Josh Mailman, MBA, presented “Neuroendocrine Tumors | Not so Rare?” during a joint session with SNMMI at the 2018 ASCO Annual Meeting.

How to cite: Mailman, Josh “Neuroendocrine Tumors | Not so Rare?” June 2, 2018. Accessed [date today].

Neuroendocrine Tumors | Not so Rare? – Summary:

Josh Mailman, MBA, the president of NorCal CarciNET, discusses the management of neuroendocrine tumors (NETs) through a patient’s perspective. He reports on overall patients’ attitudes toward Gallium Ga 68-DOTATATE imaging and the newly-approved Lutetium Lu 177 Dotatate therapy, as well as advocacy in the NETs patient community.

Evolution of NETs

Although it is the traditional assumption that NETs are rare, their incidence and prevalence have increased in recent years. These cancers are also currently the second most prevalent gastrointestinal (GI) cancer.

Fortunately, a multivariable survival analysis of patients diagnosed with NETs diagnosed from 2000 to 2012 shows an increase in overall survival (OS), as well.

In 1975, the FDA approved the first treatment for NETs, streptozotocin. In the following years, there were not many other treatment options. However, there has been an influx of therapy advances in recent years. The FDA has approved four new drugs for NETs since 2011.

Finally, the most novel available treatment for NETs is Lutetium Lu 177 Dotatate (Lu 177, brand name Lutathera). This is a peptide receptor radionuclide therapy (PRRT) approved in January of this year.

A Patient’s Perspective on the NCCN Guidelines for NETs

Mailman is a NET patient who has undergone many rounds of PRRT with multiple different agents. Through this presentation, he offers his perspective of NETs management and recent advances. He first discusses patient opinions on the newly-released National Comprehensive Cancer Network (NCCN) guidelines for NETs.

He explains that the many options included in guidelines regarding the time of progression is a source of uncertainty and anxiety for patients. Patients seek care from different providers, like oncologists, nuclear medicine physicians, and other clinicians, each of who may recommend a different approach. Because of this, patients often receive many conflicting options they cannot evaluate themselves.

Gallium Ga 68-DOTATATE (Ga 68) Imaging

According to Mailman’s polls of other NET patients, as well as his own personal experience, the overall patient experience with Ga 68 is much better than other imaging methods. Unfortunately, although the FDA approved this agent in June of 2016, insurance companies are still claiming Ga 68 is experimental, therefore denying patients coverage. Advocacy groups, such as the Society of Nuclear Medicine and Molecular Imaging (SNMMI), are currently working to mitigate these coverage issues.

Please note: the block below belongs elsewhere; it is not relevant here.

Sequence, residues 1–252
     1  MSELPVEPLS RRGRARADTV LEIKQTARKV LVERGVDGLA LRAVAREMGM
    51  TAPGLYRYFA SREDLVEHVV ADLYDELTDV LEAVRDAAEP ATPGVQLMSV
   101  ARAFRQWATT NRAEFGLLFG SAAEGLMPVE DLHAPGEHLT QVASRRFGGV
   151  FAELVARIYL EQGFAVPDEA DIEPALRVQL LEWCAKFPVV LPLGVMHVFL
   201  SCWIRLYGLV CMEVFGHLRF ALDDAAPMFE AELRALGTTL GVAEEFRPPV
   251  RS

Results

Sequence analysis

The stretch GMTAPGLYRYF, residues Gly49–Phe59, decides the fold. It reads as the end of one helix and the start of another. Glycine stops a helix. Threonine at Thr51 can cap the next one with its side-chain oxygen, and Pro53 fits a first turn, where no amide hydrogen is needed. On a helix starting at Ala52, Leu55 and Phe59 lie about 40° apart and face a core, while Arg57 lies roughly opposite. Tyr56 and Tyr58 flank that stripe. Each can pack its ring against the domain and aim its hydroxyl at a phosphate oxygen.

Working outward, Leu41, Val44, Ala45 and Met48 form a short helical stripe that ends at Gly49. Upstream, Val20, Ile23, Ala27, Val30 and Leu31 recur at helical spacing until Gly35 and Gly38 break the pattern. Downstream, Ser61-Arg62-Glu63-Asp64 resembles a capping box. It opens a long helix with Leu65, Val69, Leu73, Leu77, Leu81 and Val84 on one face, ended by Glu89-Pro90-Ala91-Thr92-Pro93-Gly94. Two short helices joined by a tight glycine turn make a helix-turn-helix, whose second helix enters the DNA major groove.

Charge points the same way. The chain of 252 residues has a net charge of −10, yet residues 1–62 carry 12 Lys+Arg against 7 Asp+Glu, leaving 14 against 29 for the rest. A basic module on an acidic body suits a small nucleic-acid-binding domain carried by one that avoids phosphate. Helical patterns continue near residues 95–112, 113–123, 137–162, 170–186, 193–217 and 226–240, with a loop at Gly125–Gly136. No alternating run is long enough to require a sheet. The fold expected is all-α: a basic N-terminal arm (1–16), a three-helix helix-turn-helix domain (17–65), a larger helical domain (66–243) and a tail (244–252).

Lutathera/ PRRT

Although Lutathera has been available in Europe for many years, the FDA just approved this agent on January 26, 2018. Mailman polled the NET patient community about the effect of Lutathera’s approval on their care and their opinions and concerns about the therapy. He reports that overall, patients are glad to have access to the therapy in the United States. They have interest in participating in clinical trials to assess the safety of receiving more than four Luthathera treatments. However, the patient community has concerns regarding the therapy’s long- and short-term toxicity, insurance coverage and cost, complications with prior treatments, and the consequences of nuclear material in their bodies.

Mailman advises clinicians to explain to patients how Lutathera, or any new therapy, compares to their past treatments, when possible, to alleviate patient anxiety.

The NETs Patient Community

Mailman describes the challenges, unknown answers, and anxieties associated with the NET patient experience. He discusses the hardships of the diagnosis process, traveling to receive treatment and dealing with language barriers, clearing customs and other security checkpoints soon after receiving therapy, and evaluating the validity of information on the internet.

Furthermore, he explains ways in which engaged partnerships with patients and clinicians can lead to advances in NETs management and an improved patient experience. Patients can help recruit for clinical trials and advocate for pertinent legislation and FDA decisions.